Christmas in Portland isn’t picturesque. (I like that I say Portland and just assume that you will assume I mean Oregon and not Maine.) It’s cold and rainy and gray. Normally laid-back Portlanders get agitated and start honking like they’re East Coast-ers. You must be there to pick up anything you’ve decided to have delivered, or you may end up with damp presents.
But inside my mom’s living room it is cozy, warm, and delightful. (Ok, maybe not always warm, the heating isn’t the best.) My mother’s artfully sparse tree is perfectly adorned in white and gold, birds and bows. (I know, that sounds crazy, but it’s really beautiful.) My sister’s collection of Nativity sets are all over the house, presenting the miracle in the manger in tin, paper, glass, and clay. A huge bowl of clementines waits in the dining room, to be slowly grazed upon during the week.
It’s easy to forget that it’s raining outside.
I was talking with a friend the other week and she was explaining to me how she has this idea of a perfect Christmas for her family, and that every year she stresses herself out trying to make her mental picture a reality. I, too, have a feeling that I am not achieving my perfect Christmas, but professionally. Every year I want to give my students this lovely day where we make gifts and eat cookies and watch a movie and enjoy each other’s company. Every year I end up crying. Or in the case of this year, hiding in a supply closet for about 5 minutes trying not to cry. (You know what is worse than a grown woman hiding in a closet at work? Being caught by your coworkers as a grown woman hiding in a closet at work? Much worse.) The whole conversation reflected back on me just how little feeling I have been trying to have about this Christmas.
For years I intensely disliked Christmas. The decorations made me angry. The presents were a burden. I would sit in Mass and cry, not out of joy, but out of sheer sorrow. It ripped me to shreds looking at all the depictions of the Holy Family, singing all the beautiful hymns and carols, hearing all the messages of hope, knowing that that baby was born into the world to die in a spectacularly horrible way. I didn’t see a gift of love. I saw a gruesome joke. And everything felt tainted. (Well, not cookies. Nothing taints cookies. Except poison.)
Now this was many many years ago. Ten-ish at least. These sad Christmases were followed by a few-ish DRUNK Christmases. (Sorry for the CAPS, but when I say “drunk Christmases” I don’t mean your booze-y aunt wearing a Santa hat. I mean arrive-hung-over-and-drink-till-you-leave drunk.)
For months I have been afraid of change. That sounds stupid, but oh well, sometimes I’m stupid. I have been protective of my routine like a sewer rat who found a chunk of brie. I haven’t wanted to meet new people or venture outside of my accustom activities, because I haven’t wanted to introduce anything that would mess up how lovely my life is. TS Eliot wrote in an essay about the canon of Western literature that it is not rigid; there is a continual shifting to make room for great art, both newly created and previously ignored. I have spent a few months rejecting this idea, only valuing what I know is good.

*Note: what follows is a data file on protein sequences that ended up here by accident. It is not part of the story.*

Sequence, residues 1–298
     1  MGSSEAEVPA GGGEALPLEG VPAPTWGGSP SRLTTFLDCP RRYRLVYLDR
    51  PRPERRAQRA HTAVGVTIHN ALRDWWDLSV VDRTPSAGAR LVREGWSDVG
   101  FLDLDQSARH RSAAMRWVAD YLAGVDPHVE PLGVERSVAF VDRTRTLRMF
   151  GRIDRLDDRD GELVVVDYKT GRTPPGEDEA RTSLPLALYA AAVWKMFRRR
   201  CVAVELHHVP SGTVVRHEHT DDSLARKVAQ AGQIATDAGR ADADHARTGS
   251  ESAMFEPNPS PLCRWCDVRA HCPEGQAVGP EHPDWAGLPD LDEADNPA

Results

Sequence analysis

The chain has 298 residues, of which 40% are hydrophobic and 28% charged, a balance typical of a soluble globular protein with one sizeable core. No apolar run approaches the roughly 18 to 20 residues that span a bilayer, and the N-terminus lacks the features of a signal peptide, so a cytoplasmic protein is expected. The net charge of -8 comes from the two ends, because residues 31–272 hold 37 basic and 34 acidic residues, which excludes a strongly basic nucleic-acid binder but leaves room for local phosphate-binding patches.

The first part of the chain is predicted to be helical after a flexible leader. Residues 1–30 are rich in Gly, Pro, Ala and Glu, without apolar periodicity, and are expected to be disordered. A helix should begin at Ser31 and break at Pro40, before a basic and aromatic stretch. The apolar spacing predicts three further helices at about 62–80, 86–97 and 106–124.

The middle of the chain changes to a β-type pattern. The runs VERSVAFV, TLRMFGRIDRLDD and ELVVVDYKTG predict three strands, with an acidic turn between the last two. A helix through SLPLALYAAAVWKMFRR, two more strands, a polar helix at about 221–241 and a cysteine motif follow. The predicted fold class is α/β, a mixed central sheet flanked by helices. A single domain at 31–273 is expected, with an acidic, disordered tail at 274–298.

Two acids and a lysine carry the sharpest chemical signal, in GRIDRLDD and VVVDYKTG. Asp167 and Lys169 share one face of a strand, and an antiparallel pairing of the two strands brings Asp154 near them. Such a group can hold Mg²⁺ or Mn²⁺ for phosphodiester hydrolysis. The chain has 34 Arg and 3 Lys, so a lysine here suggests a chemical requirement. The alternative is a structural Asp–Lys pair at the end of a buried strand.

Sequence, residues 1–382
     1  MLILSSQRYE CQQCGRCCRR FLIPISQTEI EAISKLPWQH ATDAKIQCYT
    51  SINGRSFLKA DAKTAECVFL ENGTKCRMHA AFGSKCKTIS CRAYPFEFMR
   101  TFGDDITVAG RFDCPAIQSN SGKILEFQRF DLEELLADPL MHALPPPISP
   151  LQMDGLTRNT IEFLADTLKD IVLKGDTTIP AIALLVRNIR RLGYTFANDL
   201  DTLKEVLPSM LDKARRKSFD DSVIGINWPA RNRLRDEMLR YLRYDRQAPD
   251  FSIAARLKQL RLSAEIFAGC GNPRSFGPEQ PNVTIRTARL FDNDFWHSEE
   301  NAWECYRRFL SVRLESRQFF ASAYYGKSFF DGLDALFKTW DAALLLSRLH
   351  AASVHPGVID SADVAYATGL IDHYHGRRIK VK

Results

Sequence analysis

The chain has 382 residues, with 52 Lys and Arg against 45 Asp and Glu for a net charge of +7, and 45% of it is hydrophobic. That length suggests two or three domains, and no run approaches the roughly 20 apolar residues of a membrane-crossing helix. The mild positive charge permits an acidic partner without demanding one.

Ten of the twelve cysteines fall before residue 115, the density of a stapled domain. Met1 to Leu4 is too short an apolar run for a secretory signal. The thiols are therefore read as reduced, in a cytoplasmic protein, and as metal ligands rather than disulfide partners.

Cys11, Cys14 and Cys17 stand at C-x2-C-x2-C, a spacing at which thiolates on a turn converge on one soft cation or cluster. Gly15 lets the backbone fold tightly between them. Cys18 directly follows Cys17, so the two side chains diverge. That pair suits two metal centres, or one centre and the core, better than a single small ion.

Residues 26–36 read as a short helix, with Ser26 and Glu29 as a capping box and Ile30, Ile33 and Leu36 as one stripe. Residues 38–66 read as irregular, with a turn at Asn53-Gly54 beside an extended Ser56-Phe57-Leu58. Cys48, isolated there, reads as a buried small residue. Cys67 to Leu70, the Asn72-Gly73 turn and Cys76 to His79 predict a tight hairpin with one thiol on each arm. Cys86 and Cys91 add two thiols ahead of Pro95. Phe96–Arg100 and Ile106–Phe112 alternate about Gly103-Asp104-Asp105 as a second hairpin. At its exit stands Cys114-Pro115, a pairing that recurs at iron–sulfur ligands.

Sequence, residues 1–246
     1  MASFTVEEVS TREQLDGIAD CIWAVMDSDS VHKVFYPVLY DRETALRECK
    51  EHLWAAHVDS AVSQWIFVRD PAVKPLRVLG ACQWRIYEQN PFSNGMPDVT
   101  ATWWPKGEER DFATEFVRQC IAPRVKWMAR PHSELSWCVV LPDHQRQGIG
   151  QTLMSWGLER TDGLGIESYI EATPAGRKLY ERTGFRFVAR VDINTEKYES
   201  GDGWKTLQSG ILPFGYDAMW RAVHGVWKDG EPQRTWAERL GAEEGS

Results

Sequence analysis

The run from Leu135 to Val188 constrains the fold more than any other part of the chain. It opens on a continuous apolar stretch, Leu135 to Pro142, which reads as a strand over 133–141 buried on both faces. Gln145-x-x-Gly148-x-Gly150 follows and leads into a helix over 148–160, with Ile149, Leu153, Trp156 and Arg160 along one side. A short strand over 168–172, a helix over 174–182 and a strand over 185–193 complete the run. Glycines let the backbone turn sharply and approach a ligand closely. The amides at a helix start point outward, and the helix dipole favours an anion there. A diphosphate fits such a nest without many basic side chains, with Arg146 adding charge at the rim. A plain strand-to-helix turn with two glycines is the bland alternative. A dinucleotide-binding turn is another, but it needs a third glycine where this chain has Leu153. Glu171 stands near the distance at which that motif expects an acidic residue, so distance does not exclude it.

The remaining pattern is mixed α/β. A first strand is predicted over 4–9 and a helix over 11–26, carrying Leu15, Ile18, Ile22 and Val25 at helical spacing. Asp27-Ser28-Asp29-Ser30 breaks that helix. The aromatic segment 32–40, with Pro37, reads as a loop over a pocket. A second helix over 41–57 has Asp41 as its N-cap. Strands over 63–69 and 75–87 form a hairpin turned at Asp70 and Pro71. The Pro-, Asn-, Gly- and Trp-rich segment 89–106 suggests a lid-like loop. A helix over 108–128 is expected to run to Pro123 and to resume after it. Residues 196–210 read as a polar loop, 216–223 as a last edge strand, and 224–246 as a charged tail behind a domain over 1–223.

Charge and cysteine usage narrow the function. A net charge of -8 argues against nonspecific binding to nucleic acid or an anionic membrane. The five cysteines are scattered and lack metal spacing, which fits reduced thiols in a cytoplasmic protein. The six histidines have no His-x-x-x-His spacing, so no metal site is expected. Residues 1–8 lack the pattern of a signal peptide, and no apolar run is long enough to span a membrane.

And that has animated my desire to un-feel this Christmas. This is the first year since he was born that my younger brother and I will not be together at Christmas. The knowledge that LilBro wouldn’t be there to watch Elf and eat cereal with me on Christmas morning loomed at the forefront of my thoughts. He is in Texas, and just started a new job. There is no anger in his absence; it is not a rift between him and our family. It is the reality of growing older and having responsibilities. And it is a change over which I have no control.
I understand how people are often bored with Christmas. Same story every year. Same stress. Decoration dragged down from the attic and arranged in the exact configuration as always. We immerse ourselves in traditions that we keep simply because they are our traditions. But my traditions are altered now. I no longer drink away the holidays, alienating those around me and throwing up down the stairs. This year I will miss my brother, knowing that he is warm and safe somewhere, even if he is not warm and safe with me, and that is much more than many people can say about their loved ones. The canon can expand, even though that involves loss.
Much is made of the manger as a sign of Christ’s humility. This year, accepting that what was for so long is not now, I see something slightly different. God makes our circumstances beautiful. The shelter of the stable is not a let down from the expectation of the inn. Christ will fill that which we fear, and that which we suffer, not by fulfilling our notion of our desires, but by exposing the blessings of our reality.
In the quiet of the kitchen this morning, I don’t even notice that is is raining outside.
(3 Years, 3 Months, and 4 Days Sober)